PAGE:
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Hi Beth, hope you are feeling better. I understand that you'll be posting some pointers on how I can best tackle the Twinkle versions D&E soon, but if I may impose on your generosity and wonderful teaching skills could I add one more request? ;-)

I'm working on T.H. Bayly's Long, Long Ago (Suzuki Book I) and I'm having a tough time getting measures 9 and 11 when going from B (on A string) to E (on D string) as indicated by the piece. My left index finger is long, narrow and somewhat pointy and I can't quite get it to cover both strings. Not only that, after playing those two notes I have to go back to my 3rd finger on the A string. I've tried several approaches, but my hand and fingers are looking more like a pretzel (lol) and I don't seem to quite flow through those notes. Any suggestions would be greatly appreciated. Thanks!

2 Responses
Posted: May 28, 2010
Last Comment: May 29, 2010

Posted: May 29, 2010
@ Krista - Thank you for your input and please keep them coming. I don't mind at all to hear or try different techniques that will help me achieve the goal of learning to play a passage or learn how to perform a technique. I'm very appreciative of you taking the time to respond to my posts. Thank you!

@ Beth - I did give the hop a try when I first started to play the piece, but my coordination and speed was not up to par and it was as if I added a hiccup to those measures. Quite odd and funny, actually. Then I tried covering both strings and while I was better at eliminating the dreadful hiccup the tone was totally off and my hands were in total disarray LOL. I will focus a lot more on those measures and try the hopping, as it seems a lot easier and more comfortable on my hand/fingers. I'll pay close attention to the string crossing and simultaneously time the hop as I practice. I will probably slow it down to get the hang of it and then steadily increase the speed until I can play it at or above the correct tempo. Thank you!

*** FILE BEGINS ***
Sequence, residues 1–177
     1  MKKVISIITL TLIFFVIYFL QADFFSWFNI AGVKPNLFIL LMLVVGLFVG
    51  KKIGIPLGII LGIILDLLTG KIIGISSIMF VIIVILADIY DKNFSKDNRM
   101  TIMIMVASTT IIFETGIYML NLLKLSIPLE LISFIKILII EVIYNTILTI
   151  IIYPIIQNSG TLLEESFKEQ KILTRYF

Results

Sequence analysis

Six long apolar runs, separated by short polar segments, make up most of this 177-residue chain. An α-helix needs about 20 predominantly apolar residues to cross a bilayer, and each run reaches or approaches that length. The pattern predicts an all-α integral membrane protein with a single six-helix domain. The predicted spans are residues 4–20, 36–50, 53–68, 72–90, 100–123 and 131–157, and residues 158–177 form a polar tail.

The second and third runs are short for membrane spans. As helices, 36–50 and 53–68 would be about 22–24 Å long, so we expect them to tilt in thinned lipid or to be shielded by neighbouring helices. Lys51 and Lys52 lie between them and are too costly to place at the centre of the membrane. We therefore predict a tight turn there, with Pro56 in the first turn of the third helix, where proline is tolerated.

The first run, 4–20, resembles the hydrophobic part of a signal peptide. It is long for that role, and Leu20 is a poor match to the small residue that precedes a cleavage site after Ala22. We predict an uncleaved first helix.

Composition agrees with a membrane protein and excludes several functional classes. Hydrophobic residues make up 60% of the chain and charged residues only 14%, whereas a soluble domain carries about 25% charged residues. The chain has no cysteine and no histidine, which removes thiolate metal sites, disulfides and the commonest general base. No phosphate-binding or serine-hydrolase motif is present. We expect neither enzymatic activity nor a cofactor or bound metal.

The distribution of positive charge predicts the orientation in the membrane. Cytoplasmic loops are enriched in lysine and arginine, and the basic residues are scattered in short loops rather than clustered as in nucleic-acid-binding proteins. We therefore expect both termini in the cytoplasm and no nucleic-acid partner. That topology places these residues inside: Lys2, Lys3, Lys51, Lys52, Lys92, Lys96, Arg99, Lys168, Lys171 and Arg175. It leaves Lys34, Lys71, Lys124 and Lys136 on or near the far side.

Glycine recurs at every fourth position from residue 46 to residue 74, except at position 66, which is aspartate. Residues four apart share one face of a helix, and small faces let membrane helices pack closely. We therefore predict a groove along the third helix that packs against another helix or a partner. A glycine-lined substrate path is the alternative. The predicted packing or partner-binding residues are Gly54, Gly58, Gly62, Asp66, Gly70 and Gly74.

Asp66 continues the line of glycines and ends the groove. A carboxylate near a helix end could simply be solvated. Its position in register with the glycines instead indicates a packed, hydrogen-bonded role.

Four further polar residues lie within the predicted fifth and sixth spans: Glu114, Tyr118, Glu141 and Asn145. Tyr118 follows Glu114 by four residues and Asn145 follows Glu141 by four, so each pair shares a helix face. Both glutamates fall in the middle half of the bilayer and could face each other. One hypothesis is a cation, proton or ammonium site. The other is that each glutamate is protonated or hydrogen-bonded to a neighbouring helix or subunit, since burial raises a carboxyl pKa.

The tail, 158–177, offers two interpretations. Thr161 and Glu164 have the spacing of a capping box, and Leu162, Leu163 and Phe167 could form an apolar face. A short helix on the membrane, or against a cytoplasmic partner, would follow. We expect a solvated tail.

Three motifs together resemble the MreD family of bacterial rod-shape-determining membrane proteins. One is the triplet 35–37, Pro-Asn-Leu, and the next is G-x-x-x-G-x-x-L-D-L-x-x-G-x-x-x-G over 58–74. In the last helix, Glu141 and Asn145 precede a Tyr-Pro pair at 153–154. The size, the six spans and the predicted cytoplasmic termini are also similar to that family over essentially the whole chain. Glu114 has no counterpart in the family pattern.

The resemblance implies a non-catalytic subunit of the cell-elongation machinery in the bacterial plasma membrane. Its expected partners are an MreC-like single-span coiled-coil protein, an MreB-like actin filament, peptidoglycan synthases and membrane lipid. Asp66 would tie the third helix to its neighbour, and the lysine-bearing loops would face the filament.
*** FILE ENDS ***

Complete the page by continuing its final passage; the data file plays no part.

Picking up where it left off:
Krista Broadway Swider
Posted: May 28, 2010
Hi Jack! Here I am again, replying to your question. Hoping you don't mind a little additional input. It's great that you're aware of needing to place the "B" and "E" down using the first finger, which rests on both strings simultaneously. I think that violinists sometimes have the misconception that every time they place their fingers down, each finger should be curved, and each pitch played with the hand at a particular angle. The majority of the time, this is accurate information. However, when one begins to play "double-stops" or two-note chords, especially when playing fifths, (like your example of the "B" and "E"), the "rules" can bend or even change a little bit. Did you realize you are effectively playing a fifth -- probably the most difficult double stop -- even though you are just bowing one of those notes at a time? It's a very advanced technique that Suzuki inserted there. At any rate, my point is that you may have to re-angle your hand, and slightly flatten the first knuckle on your index finger in order to properly tune the chord. It is actually ok to experiment (within the realm of reason), with the angle of your left hand (it's different for everyone), and also to experiment with how flat to make your first knuckle. Have at it! Enjoy! It's definitely an adventure.